International Studies in Philosophy Monograph Series

Un-Forgetting: Re-Calling Time Lost
2009, ISBN 978-1-58684-274-1
Author: Stephen David Ross
Editor: Stephen David Ross

Table of Contents

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Displaying: 11-17 of 17 documents


chapter 10
11. International Studies in Philosophy Monograph Series: 2009
Stephen David Ross Diachrony
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A giving which gives only its gift, but in the giving holds itself back and withdraws, . . . . (Heidegger, TB, 8)the Forgotten is . . . the Law. (Lyotard, “HJ," 147)how could this thought (Heidegger’s), a thought so devoted to remembering that a forgetting (of Being) takes place in all thought, in all art, in all “representation” of the world, how could it possibly have ignored the thought of [that] which, in a certain sense, thinks, tries to think, nothing but that very fact? . . . to the point of suppressing and foreclosing to the very end the horrifying (and inane) attempt at exterminating, at making us forget forever what, in Europe, reminds us, ever since the beginning, that “there is” the Forgotten? (Lyotard, HJ, 4)[I]n witnessing, one also exterminates. The witness is a traitor. (Lyotard, I, 204)The Other becomes my neighbour precisely through the way the face summons me, calls for me, begs for me, and in so doing recalls my responsibility, and calls me into question.. . . as if I had to answer for the other’s death even before being. (83)
chapter 11
12. International Studies in Philosophy Monograph Series: 2009
Stephen David Ross Inheritance
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How does one desire forgetting? How does one desire not to keep?How does one desire mourning (assuming that to mourn, to work at mourning does not amount to keeping . . .)? (Derrida, GT, 36)Jacques Derrida died Friday night, October 8–9, 2004.
chapter 12
13. International Studies in Philosophy Monograph Series: 2009
Stephen David Ross Pain
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Physical pain has no voice, but when it at last finds a voice, it begins to tell a story, and the story that it tells is about the inseparability of these three subjects, their embeddedness in one another. (Scarry, BP, 3)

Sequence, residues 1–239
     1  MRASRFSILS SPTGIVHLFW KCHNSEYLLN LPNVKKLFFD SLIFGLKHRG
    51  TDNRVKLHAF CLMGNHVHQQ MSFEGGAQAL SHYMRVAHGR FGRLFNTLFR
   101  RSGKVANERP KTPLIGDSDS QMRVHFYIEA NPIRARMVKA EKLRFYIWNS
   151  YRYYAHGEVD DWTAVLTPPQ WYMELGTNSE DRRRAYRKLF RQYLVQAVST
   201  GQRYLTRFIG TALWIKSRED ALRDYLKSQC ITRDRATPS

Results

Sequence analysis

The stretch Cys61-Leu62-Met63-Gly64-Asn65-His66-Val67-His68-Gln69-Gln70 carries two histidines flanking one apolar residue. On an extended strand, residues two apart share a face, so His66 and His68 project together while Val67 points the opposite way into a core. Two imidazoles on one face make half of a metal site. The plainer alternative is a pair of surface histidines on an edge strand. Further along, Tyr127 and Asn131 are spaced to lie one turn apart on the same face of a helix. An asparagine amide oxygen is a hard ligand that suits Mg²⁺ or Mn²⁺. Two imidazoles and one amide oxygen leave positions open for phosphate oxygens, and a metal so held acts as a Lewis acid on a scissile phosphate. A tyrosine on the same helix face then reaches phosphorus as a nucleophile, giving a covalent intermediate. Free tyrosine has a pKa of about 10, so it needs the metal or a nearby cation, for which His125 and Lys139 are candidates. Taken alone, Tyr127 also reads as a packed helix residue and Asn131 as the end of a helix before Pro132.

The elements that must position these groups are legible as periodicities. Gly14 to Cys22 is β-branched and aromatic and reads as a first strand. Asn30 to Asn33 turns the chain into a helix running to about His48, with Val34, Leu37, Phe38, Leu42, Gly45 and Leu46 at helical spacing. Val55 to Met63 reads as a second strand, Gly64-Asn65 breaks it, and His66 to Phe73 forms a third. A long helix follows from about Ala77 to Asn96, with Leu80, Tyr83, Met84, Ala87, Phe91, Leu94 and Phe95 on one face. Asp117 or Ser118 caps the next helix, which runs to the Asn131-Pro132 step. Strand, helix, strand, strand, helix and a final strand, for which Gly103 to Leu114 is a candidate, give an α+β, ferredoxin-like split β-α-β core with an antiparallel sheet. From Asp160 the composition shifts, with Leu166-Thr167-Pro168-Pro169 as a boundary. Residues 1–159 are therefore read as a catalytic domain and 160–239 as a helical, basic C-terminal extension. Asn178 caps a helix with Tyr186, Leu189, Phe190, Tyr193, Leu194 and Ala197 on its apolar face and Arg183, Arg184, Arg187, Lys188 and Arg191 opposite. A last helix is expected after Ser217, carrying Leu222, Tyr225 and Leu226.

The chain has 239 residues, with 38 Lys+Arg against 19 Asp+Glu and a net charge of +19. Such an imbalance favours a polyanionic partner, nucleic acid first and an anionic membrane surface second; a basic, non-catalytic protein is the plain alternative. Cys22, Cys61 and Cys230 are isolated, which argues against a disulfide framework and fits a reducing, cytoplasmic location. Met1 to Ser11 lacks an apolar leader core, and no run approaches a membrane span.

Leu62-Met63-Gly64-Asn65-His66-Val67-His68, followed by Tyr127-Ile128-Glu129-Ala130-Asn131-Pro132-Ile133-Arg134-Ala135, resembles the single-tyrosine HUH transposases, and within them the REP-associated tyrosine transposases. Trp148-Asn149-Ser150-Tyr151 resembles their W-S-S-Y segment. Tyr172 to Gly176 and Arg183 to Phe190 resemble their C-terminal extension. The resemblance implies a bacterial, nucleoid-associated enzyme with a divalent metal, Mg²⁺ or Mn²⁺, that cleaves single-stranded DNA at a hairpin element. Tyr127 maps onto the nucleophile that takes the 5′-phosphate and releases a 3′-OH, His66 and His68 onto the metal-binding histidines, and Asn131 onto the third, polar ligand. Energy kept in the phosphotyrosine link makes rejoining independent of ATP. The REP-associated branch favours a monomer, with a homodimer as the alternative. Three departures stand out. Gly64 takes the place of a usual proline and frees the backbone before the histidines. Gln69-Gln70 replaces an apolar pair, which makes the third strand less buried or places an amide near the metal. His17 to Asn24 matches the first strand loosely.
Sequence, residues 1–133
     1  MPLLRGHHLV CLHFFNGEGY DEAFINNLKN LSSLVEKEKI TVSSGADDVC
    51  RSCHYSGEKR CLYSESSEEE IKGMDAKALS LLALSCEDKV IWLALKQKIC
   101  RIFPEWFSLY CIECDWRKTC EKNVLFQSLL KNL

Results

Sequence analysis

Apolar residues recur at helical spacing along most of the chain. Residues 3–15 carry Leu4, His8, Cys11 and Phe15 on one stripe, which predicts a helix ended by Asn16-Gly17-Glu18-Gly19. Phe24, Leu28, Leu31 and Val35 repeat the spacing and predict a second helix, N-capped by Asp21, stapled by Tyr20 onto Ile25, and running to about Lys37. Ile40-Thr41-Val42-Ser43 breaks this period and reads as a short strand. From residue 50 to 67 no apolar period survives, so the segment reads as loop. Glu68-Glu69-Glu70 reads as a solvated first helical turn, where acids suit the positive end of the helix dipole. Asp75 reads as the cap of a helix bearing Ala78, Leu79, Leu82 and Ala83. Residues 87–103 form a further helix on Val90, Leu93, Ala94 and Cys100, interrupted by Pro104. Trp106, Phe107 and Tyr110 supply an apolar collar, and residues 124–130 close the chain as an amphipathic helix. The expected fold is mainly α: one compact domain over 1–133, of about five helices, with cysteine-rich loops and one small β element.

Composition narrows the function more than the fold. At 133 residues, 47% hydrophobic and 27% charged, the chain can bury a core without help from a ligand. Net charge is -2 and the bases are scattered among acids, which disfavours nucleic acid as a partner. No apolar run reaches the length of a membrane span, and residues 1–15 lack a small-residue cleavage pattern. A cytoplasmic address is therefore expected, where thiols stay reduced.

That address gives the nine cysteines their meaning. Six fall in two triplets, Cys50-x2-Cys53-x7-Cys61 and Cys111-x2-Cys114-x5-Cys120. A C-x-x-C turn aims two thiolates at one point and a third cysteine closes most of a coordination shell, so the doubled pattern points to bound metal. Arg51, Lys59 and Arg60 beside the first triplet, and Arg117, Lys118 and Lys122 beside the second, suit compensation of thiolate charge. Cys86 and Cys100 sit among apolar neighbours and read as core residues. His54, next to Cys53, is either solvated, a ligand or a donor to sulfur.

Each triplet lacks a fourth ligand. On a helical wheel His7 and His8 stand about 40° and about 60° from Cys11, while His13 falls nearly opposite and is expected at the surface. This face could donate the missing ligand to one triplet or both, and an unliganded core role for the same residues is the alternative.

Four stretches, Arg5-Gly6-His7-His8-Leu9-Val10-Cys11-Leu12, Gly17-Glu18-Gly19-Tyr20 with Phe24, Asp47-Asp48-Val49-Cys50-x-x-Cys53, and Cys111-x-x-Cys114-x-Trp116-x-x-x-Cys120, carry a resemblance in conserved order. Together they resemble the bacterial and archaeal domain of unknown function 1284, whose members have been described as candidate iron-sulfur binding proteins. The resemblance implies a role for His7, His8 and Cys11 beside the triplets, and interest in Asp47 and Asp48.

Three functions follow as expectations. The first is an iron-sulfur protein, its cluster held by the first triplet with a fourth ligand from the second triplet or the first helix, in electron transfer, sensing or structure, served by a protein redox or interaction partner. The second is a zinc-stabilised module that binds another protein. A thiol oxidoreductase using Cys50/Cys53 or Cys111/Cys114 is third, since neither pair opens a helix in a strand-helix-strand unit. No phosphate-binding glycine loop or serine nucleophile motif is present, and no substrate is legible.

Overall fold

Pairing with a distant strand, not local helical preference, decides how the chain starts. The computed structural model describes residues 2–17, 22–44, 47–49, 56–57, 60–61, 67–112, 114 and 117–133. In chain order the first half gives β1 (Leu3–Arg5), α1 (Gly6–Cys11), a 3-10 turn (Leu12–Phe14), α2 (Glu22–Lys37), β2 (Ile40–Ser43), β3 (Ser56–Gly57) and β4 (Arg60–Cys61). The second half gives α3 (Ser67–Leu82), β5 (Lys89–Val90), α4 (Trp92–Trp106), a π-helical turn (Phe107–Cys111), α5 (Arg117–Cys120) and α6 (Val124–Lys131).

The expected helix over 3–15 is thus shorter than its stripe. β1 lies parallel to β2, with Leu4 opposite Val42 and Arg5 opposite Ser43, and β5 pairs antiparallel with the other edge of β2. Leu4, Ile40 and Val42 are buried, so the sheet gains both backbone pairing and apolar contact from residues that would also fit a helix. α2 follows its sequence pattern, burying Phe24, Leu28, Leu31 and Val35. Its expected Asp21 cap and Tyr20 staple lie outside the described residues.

chapter 13
14. International Studies in Philosophy Monograph Series: 2009
Stephen David Ross Disaster
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The disaster ruins everything, all the while leaving everything intact. It does not touch anyone in particular; “I” am not threatened by it, but spared, left aside. It is in this way that I am threatened;. . . .The disaster is separate; that which is most separate.When the disaster comes upon us, it does not come. The disaster is its imminence, but since the future, as we conceive of it in the order of lived time, belongs to the disaster, the disaster has always already withdrawn or dissuaded it; there is no future for the disaster, just as there is no time or space for its accomplishment. (Blanchot, WD, 1–2)
15. International Studies in Philosophy Monograph Series: 2009
Stephen David Ross Notes
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16. International Studies in Philosophy Monograph Series: 2009
Stephen David Ross Bibliography
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17. International Studies in Philosophy Monograph Series: 2009
Stephen David Ross Index
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